A new project has opened up in my gardening world with the redoing of our farm pond–digging out years of accumulating silt–and the expansion of the surrounding fence.  This gives us much more room to grow our dreams, safe from munching cows, and a lot of tree planting has ensued. Yesterday, daughter Elise and I planted thirty additional trees and bushes on the pond banks, after a long planting session this past Saturday with the enthusiastic help of my three oldest grandsons. While we labored, we were surrounded by birdsong from meadowlarks, red-winged black birds, the song sparrow, killdeer, cardinals… It’s hard work, but the pond will be glorious. Our aim is to plant for the birds, water fowl, fish, pollinators, and people. I’m envisioning magic.

(One end of our Pond)

(Elise, Me, and my three grandsons after a long tree planting day)

As for my writing, admittedly it has sagged as planting and gardening take priority, but I have a new story idea buzzing around in my head. Outside time gives me the opportunity to ponder my emerging plot. How can I not be inspired while enveloped in all this spring beauty?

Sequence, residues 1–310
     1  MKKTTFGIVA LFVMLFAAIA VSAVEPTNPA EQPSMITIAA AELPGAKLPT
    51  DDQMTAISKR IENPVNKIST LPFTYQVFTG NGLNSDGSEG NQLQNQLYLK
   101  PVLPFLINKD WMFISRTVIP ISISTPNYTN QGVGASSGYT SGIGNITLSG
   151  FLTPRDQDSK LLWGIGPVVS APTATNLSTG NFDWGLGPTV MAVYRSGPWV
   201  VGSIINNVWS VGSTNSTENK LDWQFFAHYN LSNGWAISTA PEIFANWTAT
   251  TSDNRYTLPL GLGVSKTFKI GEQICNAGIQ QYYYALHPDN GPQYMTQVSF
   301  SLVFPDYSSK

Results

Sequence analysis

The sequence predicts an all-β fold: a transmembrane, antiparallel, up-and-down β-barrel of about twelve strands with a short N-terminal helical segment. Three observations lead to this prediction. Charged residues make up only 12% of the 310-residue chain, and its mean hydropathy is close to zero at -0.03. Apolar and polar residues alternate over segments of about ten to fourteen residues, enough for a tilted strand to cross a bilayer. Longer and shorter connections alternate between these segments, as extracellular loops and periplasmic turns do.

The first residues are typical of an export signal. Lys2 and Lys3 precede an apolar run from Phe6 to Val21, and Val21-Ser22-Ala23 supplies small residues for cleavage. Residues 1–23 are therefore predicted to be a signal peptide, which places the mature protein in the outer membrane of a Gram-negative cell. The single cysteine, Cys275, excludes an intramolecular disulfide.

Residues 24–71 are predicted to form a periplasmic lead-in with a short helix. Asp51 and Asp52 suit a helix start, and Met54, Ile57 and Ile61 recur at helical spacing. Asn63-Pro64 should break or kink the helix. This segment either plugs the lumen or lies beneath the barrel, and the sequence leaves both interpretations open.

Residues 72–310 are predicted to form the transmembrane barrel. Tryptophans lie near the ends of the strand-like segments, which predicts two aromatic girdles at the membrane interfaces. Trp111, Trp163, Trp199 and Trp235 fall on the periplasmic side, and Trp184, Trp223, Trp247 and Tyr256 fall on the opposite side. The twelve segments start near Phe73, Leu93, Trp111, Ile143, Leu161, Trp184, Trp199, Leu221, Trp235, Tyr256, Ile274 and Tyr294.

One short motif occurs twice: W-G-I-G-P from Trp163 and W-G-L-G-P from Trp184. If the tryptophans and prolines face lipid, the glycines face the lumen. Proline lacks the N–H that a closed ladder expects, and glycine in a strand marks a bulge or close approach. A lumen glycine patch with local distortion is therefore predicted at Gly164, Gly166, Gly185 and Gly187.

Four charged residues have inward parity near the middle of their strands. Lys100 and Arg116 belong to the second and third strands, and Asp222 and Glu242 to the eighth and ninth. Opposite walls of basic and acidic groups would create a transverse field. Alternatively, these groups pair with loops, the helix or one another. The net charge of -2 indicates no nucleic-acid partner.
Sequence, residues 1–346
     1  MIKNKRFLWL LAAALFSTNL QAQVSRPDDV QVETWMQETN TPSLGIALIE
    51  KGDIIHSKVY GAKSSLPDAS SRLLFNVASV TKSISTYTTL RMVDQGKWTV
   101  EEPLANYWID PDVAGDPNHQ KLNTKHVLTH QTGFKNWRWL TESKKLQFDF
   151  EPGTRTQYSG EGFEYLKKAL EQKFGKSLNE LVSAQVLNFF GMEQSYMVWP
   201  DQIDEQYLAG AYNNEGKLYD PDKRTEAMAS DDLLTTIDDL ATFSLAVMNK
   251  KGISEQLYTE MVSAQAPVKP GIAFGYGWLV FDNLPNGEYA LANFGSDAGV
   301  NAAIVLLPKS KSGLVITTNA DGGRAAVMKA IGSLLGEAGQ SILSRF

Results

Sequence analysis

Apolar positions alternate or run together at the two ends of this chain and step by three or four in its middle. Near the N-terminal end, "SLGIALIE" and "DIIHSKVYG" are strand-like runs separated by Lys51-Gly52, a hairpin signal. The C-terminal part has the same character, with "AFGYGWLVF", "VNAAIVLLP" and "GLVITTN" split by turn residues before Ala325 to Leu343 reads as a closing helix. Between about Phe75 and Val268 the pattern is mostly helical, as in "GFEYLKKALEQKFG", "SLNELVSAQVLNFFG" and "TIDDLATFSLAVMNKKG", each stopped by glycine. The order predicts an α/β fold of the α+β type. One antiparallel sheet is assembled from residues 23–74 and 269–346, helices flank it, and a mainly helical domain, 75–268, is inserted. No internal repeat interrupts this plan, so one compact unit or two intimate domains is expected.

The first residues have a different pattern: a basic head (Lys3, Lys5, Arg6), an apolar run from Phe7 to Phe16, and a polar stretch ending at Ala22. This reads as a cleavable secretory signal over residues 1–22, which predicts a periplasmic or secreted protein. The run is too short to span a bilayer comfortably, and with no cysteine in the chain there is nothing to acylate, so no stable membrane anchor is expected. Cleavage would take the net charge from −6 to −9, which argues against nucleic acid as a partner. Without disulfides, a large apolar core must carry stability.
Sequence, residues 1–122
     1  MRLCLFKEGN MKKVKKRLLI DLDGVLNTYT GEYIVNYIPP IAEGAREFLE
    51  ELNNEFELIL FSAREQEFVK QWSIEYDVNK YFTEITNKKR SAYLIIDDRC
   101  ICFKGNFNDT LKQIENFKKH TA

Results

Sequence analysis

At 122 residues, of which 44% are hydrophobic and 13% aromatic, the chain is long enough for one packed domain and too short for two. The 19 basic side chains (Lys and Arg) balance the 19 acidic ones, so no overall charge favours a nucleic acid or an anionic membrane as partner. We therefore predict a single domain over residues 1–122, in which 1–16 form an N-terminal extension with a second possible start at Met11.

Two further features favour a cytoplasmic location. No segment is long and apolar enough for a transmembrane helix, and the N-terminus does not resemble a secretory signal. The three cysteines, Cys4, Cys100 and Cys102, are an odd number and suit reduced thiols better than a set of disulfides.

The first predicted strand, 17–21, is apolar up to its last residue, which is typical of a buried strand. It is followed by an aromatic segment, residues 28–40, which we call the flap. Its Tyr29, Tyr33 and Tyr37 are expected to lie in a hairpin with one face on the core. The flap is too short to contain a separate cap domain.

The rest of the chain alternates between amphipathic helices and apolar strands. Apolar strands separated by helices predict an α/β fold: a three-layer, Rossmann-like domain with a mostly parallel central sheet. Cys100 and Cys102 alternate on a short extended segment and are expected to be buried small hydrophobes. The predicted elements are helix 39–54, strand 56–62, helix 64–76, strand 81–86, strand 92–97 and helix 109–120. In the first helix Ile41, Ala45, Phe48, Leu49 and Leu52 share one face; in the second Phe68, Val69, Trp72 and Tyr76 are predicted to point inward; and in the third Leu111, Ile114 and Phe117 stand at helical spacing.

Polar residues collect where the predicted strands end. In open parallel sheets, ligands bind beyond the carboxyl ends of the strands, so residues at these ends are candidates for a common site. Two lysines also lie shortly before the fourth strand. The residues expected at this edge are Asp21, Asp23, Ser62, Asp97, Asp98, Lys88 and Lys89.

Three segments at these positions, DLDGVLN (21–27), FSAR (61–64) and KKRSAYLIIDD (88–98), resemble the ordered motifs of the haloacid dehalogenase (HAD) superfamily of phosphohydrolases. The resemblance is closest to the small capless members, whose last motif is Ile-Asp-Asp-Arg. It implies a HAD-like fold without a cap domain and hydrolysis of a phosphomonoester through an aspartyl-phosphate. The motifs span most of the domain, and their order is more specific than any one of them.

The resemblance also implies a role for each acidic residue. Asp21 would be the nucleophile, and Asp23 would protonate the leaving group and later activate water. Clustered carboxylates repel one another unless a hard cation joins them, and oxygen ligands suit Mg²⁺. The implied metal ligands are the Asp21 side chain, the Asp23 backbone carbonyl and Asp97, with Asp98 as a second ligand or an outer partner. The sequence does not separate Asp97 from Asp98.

(Virginia Bluebells in front of our house)

“Science has never drummed up quite as effective a tranquilizing agent as a sunny spring day.” ~W. Earl Hall

“April is a promise that May is bound to keep.” ~Hal Borland

“The naked earth is warm with Spring,
And with green grass and bursting trees
Leans to the sun’s kiss glorying,
And quivers in the sunny breeze.”
~Julian Grenfell

“In the spring I have counted one hundred and thirty-six different kinds of weather inside of four and twenty hours.” ~Mark Twain

The sun was warm but the wind was chill.
You know how it is with an April day.
~Robert Frost

Spring has returned. The Earth is like a child that knows poems. ~Rainer Maria Rilke

“It’s spring fever. That is what the name of it is. And when you’ve got it, you want — oh, you don’t quite know what it is you do want, but it just fairly makes your heart ache, you want it so!” ~Mark Twain

***Images by daughter Elise Trissel